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Fly, butterfly, fly!
1,000 monarchs, painted ladies take flight this Sunday
London Harper, a third-grader at Enota Multiple Intelligences Academy, created this T-shirt design. - photo by SARA GUEVARA

A burst of butterflies will fly over Wiltshire Trails Park this Sunday for the 12th annual Butterfly Release.

Kids will be invited to release 1,000 monarchs and painted ladies during the highlight of the day's activities, sponsored by Friends of Gainesville Parks and Greenways, a nonprofit organization of volunteers that is affiliated with the Gainesville Parks and Recreation Department.

"It's just a great event. We have ‘kids' from age 3 to 93," said Jim Pilgrim, president of the group. "The p arents enjoy it as much as the kids do."

Other events for children include an inflatable playground, face painting, paper sailboat races and a visit with city fire trucks.

This year's butterfly release also included a T-shirt design contest, with entries from elementary schools around the county. London Harper, a third-grader from Enota Multiple Intelligences Academy, won the contest with her bright orange and red butterfly design.

"I wanted to make it original, to make it different and pretty," she said. "And just to have fun."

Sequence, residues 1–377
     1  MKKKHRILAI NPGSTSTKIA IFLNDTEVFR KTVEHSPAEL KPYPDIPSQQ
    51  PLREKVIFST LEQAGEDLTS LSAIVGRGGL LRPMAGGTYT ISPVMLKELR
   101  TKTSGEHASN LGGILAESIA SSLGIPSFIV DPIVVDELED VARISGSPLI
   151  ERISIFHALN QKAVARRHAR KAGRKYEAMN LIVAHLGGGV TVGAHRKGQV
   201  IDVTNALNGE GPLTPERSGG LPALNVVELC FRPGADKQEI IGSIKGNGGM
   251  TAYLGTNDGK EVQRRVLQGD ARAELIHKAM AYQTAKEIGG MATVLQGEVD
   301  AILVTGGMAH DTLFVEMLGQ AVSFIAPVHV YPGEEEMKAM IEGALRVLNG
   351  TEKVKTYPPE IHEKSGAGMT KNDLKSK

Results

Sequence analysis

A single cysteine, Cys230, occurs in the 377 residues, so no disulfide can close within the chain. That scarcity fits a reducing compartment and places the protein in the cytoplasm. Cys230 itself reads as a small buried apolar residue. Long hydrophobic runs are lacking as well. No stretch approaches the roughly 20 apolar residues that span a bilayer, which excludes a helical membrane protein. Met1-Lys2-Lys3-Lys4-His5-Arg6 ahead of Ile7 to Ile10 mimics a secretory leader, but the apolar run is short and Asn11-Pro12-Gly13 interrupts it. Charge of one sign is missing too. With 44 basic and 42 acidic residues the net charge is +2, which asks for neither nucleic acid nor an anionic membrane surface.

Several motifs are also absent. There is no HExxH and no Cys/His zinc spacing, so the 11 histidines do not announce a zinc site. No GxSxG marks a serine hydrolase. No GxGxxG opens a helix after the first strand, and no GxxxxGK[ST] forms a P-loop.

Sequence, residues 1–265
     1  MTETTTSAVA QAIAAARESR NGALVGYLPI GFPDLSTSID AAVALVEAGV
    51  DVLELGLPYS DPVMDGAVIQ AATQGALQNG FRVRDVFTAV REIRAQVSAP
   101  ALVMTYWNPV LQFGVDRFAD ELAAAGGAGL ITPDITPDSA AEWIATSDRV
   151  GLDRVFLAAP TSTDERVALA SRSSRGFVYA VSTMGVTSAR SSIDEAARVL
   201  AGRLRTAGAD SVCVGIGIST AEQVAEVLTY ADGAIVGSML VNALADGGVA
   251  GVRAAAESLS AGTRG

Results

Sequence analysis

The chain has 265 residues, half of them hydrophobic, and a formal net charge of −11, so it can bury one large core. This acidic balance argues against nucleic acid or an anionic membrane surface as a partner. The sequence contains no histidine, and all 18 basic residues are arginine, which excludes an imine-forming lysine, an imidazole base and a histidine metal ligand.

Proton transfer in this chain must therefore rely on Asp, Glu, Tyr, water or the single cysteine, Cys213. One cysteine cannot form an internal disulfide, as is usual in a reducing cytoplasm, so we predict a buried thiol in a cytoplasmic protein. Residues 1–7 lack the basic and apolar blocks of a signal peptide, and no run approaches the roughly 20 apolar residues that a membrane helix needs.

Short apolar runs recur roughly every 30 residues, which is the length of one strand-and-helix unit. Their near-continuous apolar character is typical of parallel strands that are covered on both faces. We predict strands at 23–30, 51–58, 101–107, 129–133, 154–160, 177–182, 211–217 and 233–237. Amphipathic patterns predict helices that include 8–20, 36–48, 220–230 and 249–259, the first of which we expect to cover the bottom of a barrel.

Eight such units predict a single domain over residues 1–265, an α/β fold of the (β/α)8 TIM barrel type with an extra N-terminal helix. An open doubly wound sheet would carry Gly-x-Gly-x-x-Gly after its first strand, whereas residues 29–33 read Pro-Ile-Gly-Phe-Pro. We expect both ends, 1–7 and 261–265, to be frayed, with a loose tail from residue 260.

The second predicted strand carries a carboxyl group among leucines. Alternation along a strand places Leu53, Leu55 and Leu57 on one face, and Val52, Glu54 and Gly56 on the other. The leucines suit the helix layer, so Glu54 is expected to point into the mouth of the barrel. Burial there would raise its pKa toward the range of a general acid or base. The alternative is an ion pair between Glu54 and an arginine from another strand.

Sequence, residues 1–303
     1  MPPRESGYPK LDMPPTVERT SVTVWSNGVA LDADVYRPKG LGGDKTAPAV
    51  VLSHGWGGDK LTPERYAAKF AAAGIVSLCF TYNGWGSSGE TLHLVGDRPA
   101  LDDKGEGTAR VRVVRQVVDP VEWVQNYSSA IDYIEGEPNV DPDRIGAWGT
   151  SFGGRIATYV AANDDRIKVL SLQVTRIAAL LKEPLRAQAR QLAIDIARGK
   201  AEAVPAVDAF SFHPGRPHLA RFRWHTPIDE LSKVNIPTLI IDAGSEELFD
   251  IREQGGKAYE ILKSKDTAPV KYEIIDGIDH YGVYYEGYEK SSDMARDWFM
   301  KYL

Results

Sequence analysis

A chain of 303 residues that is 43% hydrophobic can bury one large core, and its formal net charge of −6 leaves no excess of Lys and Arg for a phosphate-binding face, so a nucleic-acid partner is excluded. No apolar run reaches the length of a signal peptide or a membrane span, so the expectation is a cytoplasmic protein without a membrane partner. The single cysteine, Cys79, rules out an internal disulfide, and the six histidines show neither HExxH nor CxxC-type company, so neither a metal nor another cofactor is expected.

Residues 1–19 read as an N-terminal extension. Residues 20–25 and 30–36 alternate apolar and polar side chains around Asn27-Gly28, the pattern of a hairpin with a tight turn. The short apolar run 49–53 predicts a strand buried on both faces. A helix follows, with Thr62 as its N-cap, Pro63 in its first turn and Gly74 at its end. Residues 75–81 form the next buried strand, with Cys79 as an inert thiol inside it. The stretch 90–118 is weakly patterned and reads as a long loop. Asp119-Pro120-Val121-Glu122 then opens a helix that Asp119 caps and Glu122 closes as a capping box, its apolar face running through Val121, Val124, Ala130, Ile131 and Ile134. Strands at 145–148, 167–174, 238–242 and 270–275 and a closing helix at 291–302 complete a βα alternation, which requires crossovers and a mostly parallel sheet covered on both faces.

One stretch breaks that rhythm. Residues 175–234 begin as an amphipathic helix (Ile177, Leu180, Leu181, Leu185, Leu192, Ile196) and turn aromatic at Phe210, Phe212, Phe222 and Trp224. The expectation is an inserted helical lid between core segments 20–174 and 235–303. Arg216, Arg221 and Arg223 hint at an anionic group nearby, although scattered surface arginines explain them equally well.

Connie Propes, chairwoman of the butterfly release committee for Friends of Gainesville Parks and Greenways, said it was difficult to judge the nearly 500 entries.

"The children's creativity is just so rewarding," she said.

Last year's event drew more than 1,000 people, Propes said.

The butterflies' release takes only a moment, but the path to liberation begins when they are shipped all the way from Minnesota. They are kept in coolers until the time of their release, when they are handed out in envelopes.

In previous years, according to Propes, the biggest problem has been children accidentally stepping on the butterflies - fresh out of hibernation - when they fall back toward the ground looking for food and water.

"The purpose of the butterfly release is to have fun of course, but also to bring attention to our parks and what we have to offer to the public," Pilgrim said.